Last night I went through the endless phone messages that we just don't get to on the answering machine. Well! I guess I use my cell phone more than I thought. Note. And there was that mishap with Kohl's where in the midst of the holidays a bill wasn't paid and they called fifteen times. Note. Paid. Done. Oh dear.
About seven calls in I heard his voice. My wonderful pastor Harold. "Beautiful ones. I noticed you haven't been here in a couple of weeks and just want to remind you, you're loved..." And while he goes on it hits so hard.
The weeks away, first a sick child.
Then a group oversleep.
Then just a week away.
They all added up and they all mattered to someone else.
I felt, I knew, that my little choices to be home for a bit might be noticed or counted. Might be.
My church is going through upheaval. Upheaval is to be expected when your stated mission is to plant 100 churches in 40 years. One and two went by and the shift wasn't so big. Three was painful, my favorite young pastor and his sweeter than sweet wife moved into Compton to establish their church and of course, friends went with them. Friends I love and friends I haven't met but made up the tapestry of our church, their side of the room, their row. Many church plants later we're ok. The occasional twinge of loss is there, but overall, we're good. But then two pastors felt called, together, to plant fairly nearby. Several people, mostly from my service felt moved to move.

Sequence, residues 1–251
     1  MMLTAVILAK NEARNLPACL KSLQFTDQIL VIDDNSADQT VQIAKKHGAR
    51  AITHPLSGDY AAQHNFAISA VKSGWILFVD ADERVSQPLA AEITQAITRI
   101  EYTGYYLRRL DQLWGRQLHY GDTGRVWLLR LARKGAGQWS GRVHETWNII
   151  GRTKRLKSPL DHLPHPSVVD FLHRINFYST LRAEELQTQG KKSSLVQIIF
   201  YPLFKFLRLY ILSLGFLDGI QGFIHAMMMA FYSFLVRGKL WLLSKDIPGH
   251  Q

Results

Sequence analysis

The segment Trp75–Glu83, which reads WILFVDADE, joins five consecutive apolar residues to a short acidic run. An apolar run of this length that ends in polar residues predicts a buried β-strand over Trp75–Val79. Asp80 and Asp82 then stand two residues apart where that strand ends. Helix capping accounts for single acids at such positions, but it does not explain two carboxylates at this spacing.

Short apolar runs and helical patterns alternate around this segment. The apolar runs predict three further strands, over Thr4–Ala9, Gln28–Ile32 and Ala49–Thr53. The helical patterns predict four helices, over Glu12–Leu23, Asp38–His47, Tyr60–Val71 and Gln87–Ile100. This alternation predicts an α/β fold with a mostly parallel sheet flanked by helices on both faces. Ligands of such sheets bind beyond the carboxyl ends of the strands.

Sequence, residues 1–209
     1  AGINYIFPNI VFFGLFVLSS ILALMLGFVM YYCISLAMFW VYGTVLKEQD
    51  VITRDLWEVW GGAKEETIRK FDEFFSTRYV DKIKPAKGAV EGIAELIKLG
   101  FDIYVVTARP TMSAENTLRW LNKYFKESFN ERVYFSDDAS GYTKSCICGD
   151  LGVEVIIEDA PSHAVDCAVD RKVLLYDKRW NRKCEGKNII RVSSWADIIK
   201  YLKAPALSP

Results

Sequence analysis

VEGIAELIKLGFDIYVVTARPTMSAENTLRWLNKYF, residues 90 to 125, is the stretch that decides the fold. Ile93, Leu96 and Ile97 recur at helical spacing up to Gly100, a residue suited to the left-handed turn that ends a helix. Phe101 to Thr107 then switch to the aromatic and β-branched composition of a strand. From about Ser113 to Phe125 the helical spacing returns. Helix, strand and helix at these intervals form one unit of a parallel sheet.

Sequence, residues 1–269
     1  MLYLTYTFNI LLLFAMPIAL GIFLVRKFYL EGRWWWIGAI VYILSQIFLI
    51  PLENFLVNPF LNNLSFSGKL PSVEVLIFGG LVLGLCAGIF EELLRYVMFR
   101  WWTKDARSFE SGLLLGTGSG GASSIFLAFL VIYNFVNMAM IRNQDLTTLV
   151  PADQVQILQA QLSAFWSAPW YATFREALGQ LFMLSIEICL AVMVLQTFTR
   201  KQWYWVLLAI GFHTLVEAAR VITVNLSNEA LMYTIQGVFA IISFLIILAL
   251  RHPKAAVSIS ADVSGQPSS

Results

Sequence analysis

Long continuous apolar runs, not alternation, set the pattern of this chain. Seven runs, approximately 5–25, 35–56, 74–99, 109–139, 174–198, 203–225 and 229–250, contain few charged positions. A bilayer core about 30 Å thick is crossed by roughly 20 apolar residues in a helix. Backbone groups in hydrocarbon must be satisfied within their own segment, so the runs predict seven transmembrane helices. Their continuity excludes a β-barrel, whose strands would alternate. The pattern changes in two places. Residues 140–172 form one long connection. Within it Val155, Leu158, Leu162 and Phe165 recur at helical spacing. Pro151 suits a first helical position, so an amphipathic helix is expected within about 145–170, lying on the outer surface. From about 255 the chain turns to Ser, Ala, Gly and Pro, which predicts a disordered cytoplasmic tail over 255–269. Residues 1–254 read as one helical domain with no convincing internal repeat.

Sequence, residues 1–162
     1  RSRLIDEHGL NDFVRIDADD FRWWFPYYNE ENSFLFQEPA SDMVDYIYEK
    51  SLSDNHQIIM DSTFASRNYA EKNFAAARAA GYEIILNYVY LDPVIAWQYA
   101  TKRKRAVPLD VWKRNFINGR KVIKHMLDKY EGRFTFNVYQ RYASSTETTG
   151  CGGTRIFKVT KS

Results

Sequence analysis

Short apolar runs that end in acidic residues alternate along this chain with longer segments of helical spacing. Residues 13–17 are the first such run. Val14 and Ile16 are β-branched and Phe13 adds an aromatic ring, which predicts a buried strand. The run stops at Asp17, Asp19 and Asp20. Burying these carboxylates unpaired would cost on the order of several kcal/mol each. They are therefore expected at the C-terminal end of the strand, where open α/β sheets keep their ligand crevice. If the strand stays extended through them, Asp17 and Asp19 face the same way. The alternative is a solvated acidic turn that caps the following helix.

The pain comes slowly because families think and decide and stay away for a while and then go. A month ago, it felt to me like I was wearing twenty bandaids and they would be taken off one-by-one and rather slowly. Painful.
So when my girl wasn't feeling well, I climbed into bed and with her and snuggled. Safe and warm. I didn't think of the feeling. I was away. But as I write, I see we became an empty set of chairs. Someone else's removed adhesive.
Then the words: "Beautiful ones..."
I heard the voice of the man who taught me the words, grace stacked on grace. I hear his inflection, his determination, his love. For a moment, I remember how he asked me to stand shoulder-to-shoulder to work and love and watch what God would do. Remembered his reminder at my grandmother's funeral and then my other grandmother's graveside memorial, that God's oceanic love is enough.
It takes courage to carry on. It takes grace and peace and it takes just a word to remember that courage and love and peace can all be borrowed and shared and that much of the time, we don't even know we're loaning. We just standing there. Shoulder-to-shoulder with word of song coming from our hearts and it matters.